Tax-free shopping could add at least £350m to UK government coffers - report
The debate around tax-free shopping’s value to the UK economy continues with the Government still set against it, but a new report suggesting the politicians are making a huge mistake.
A new Oxford Economics’ report, commissioned by the Association of International Retail (AIR), trashes the Treasury’s estimate of a £2 billion annual cost to reintroduce tax-free shopping in the UK.
The report claims the Treasury would benefit by £350 million each year if tax-free shopping returned and the wide boost in foreign visitor numbers and spending across the country would add up to billions of pounds annually. This would support tens of thousands jobs across the UK.
AIR now wants the Chancellor to request that the Office of Budget Responsibility reviews the Treasury’s original estimates.
Tax-free shopping has been a major issue in the past few years. It was abolished in its original form at the start of last year as the Government sought to recover cash following the unprecedented support spending during the pandemic.
The abolition has already hurt luxury retailers in the UK with reports that non-European tourist shoppers have been going to cities such as Paris and Milan to buy designer fashion, rather than London, Birmingham Edinburgh or any other UK destination.
And plenty of potential spending has also been lost with the opportunity to expand tax-free shopping to EU residents post-Brexit also being abandoned.
There had been some hope a couple of months ago, when the disastrous mini-budget included one benefit — the return of tax-free shopping, and its expansion to European visitors. But the U-turn after the fallout from the budget saw it being abolished once again.
So how did the researchers arrive at the £350 million estimate of tax-free shopping’s benefit? Oxford Economics’ report estimates that the real direct cost to the Treasury of refunded VAT would be £590 million, less than a third of what the Treasury itself has estimated. But tax-free shopping is expected to generate additional economic activity worth £940 million in tax take, leaving that net positive impact to the Treasury of £350 million.
The measure would also bring in an additional 1.6 million visitors in the first full year, spending an extra £2.1 billion. The total economic impact of the boost in foreign visitor numbers and spending across the country would be £4.1 bn annually, which would support 78,000 jobs across the UK.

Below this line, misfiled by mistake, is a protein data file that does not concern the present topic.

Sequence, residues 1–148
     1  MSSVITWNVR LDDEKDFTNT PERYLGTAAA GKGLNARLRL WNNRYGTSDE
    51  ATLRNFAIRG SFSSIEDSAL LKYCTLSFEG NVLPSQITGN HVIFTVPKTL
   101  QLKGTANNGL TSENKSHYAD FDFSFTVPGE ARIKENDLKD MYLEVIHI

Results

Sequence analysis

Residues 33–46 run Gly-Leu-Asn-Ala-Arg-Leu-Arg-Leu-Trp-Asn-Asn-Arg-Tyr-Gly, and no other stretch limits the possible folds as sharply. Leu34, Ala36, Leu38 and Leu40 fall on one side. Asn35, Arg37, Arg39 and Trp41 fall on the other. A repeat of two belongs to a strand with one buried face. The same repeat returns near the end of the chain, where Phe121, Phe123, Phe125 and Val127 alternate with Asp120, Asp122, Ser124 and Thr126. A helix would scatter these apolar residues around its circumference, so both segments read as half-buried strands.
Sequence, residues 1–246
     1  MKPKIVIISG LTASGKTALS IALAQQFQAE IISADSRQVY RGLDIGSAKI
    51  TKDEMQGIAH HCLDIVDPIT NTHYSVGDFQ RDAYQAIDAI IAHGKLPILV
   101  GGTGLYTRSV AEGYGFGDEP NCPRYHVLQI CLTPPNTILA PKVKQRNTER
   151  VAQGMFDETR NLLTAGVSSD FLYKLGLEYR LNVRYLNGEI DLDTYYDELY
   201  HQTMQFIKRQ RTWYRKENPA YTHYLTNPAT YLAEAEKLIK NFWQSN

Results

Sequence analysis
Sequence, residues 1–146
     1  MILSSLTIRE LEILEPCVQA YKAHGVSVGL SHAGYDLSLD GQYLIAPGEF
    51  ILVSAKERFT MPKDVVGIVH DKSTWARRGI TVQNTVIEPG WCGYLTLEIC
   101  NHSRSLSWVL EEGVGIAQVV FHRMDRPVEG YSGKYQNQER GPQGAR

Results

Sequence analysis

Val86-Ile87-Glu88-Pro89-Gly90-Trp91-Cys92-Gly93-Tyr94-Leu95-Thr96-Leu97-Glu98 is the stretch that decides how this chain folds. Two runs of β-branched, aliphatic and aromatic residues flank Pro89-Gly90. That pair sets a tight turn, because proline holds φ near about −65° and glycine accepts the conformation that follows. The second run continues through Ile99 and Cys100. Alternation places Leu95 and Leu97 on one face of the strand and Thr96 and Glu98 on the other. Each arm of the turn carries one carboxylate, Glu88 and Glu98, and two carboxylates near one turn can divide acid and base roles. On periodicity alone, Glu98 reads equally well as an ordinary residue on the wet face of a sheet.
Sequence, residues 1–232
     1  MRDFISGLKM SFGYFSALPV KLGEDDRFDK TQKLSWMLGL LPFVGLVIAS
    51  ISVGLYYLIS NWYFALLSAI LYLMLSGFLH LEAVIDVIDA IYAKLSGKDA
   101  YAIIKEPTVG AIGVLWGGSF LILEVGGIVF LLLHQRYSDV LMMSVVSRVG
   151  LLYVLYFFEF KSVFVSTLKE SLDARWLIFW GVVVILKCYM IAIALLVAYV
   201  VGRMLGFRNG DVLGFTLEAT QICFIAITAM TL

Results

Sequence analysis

Because this additional spending is generated from international visitors, “this estimated impact on GDP and tax take will be significantly higher than from a policy that incentivises UK spending”, we’re told.
The projected difference from the Treasury’s own figures is “likely due to an assumption that the average value of refunds would be the same for both EU and non-EU visitors, an overestimate in the total value of tax-free shopping refunds that would be claimed, alongside a failure to include the tax-free shopping policy’s impact on visitor behaviour,” the report said.
AIR chief executive Paul Barnes said: “At a time when the economy is facing a major downturn, and businesses across the country are looking for any opportunity to boost their income, we have an additional 1.6 million affluent visitors ready and waiting to flock to our shores and spend money in our shops, restaurants, hotels and tourist attractions.”
And it’s not only AIR claiming tax-free shopping would be a benefit. Sir Geoffrey Clifton-Brown MP, who’s Deputy Chair of the Public Accounts Committee, said: “The Chancellor has thrown away one of the few measures in the Growth Plan that had been widely welcomed – the reintroduction of tax-free shopping. Today’s research demonstrates that restoring the low-cost measure would deliver a significant and instant boost to our economy. I urge the Chancellor to reconsider tax-free shopping as he looks for future growth policies that improve our economic outlook.”
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